Today, their vision is being realized. As Amy Richards, the coordinator for character education and a 25-year veteran of the Lindbergh district, puts it: “Character now is pervasive in all we do—it’s an integral part of our vision and our mission, our curricular as well as extra-curricular activities, our board policies and annual goal-setting, and our staff’s concept of ...
Story Posted October 23, 2012.
- In 2012, the school exceeded state proficiency averages on standardized tests in all subjects across all grade levels.
- Out of the 9 subjects tested across grade levels, student proficiency rates in all but three were 90% or higher.
Today’s Woodbridge (VA) Middle School in no way resembles the school that existed in 2005. Then, the students were mostly White and few qualified for the free and reduced-price meals program; today, there is no majority group among the 1,038 students and almost 50% of the students qualify for such support. Then, student achievement was average; now, it is significantly above average as measured by the Virginia state assessments. The story of the school’s breakthrough success is the story of a strong leader who works collaboratively with an entire school staff to teach each student. ...
Story posted December, 2007. Results updated October 23, 2012.
- Outperforms state averages in all subjects across all grade levels, despite serving a higher percentage of low-income students.
- Baldwin's school rating based on state test scores rose from 493 in 1999 to 858 in 2012 (the statewide goal is 800)
- Standardized test scores continue to improve - for example, from 2011 to 2012, 5th grade ELA proficiency rates increased from 49% to 69%; science rates increased 56% to 78% and math rates increased from 67% to 91%.
Baldwin Academy Principal Bonnie Wilson refers to her school as a "beacon of light" for the surrounding community in the San Gabriel Valley of California. Today, Baldwin's light is shining brighter than ever thanks to a high level of support for staff, plus extensive collaboration among teachers at all levels. ...
Story posted September 25, 2012
- During the 2009-2010 school year, 12 percent of Totem Middle School’s eighth-graders took algebra; now, 83 percent take algebra, with 100 percent projected for the 2012-2013 school year.
- At Totem, a $10,000 grant secured by MEA through NEA’s Priority Schools Campaign helped the school install a new laptop computer lab.
- School staff are receiving training on parental engagement.
- Data teams were created at schools receiving school improvement grants, with data from assessments shared with the students so they can see their progress as well as used by educators.
What does a strong public school system look like? It’s hard to envision with today’s political and economic climate, but America can provide a great public education for every child. The National Education Association (NEA) and its members know where to start.
Last December, NEA laid out its Leading the Profession Action Agenda, incorporating proven best practices in education from thousands of teachers around the country and input from the independent Commission on Effective Teachers and Teaching, created by NEA in 2010 to examine the teaching profession and make recommendations on maximizing teacher and teaching effectiveness. This year, NEA expanded that vision by introducing five domains of education quality: the quality of the professional, the profession, the schools, education policy and the union.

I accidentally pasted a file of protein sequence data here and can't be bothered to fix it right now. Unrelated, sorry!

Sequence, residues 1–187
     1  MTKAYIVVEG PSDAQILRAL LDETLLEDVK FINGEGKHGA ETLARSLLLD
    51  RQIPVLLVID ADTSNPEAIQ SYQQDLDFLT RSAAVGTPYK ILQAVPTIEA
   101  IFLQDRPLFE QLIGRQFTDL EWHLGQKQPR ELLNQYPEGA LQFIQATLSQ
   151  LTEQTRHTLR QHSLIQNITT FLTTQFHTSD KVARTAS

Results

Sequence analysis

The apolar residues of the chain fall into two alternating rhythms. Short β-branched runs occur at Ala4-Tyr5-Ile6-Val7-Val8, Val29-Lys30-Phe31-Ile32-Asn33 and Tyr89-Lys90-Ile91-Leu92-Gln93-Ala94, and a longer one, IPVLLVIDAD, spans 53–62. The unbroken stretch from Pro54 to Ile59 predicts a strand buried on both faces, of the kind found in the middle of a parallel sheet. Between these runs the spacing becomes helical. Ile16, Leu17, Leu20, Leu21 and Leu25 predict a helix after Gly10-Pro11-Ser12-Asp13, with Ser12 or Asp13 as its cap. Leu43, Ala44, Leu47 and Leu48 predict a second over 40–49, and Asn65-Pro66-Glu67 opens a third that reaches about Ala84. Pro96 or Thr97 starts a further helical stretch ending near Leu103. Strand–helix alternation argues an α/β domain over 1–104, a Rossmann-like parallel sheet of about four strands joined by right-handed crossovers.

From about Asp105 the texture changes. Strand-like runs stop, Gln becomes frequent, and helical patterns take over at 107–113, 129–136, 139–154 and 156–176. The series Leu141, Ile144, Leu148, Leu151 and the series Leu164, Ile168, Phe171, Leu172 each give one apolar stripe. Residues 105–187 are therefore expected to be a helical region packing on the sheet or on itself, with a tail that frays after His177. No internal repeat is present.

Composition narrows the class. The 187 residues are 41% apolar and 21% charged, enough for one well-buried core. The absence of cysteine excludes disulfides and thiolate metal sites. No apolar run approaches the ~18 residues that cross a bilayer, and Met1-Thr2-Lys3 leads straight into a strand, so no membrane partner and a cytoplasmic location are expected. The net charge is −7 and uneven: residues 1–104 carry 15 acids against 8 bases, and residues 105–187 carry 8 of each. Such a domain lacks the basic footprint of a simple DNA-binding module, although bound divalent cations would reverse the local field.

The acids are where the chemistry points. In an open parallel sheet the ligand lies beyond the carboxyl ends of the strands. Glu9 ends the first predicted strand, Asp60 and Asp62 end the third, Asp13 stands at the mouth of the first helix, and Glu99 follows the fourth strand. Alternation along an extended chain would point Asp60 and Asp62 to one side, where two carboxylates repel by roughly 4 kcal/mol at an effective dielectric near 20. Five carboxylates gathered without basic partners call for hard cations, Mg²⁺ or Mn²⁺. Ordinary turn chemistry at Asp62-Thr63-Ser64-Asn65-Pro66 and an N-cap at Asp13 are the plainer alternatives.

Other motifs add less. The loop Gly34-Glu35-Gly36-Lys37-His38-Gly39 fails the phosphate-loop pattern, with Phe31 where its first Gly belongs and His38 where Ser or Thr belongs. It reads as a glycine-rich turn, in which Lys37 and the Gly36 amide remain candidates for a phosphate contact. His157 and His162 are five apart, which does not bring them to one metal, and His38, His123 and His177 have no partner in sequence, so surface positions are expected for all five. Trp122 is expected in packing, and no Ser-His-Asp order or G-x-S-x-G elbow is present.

So what does all that look like in practice? In Marysville, Washington, educators in three schools supported by NEA’s Priority Schools Campaign (PSC) are planting the seeds for sustainable education reform in ...
Story posted August 27, 2012
- In 2011, 93.5% of students performed at or above grade level on the state end-of-grade math test, up from just 54.2% in 2008
- The percentage of students at or above grade level in reading rose more than 20 percentage points over that same time
- 80% of students achieved grade level performance in science in 2011, up from just 24.6 percent in 2008 (all gains come in spite of the reality that 97 percent of students qualify as economically disadvantaged)
Summary: District officials in Charlotte-Mecklenburg Schools believe that effective principals directly impact student achievement and, as a result, are placing the district’s top principals in the neediest schools.
When Suzanne Gimenez became principal at Devonshire Elementary School in Charlotte, North Carolina, she had one mission: improve student achievement. ...
Story posted August 27, 2012
- The district graduation rate rose from 76% in 2004 to 93.5% (over 90% in all student racial and income groups) in 2011
- The school system now has about 110 community partners and a 100% Graduation Project committee that meets quarterly to discuss ways to engage additional community groups and encourage students to pursue their diplomas
Summary: School officials in Clarksville Montgomery County believe that, with the community’s help, 100 percent of their students will graduate from high school. ...
A VISION FOR GREAT SCHOOLS
On this website, educators, parents and policymakers from coast to coast are sharing what's already working in public schools--and sparking a national conversation about how to make it work for children in every school. Join the conversation!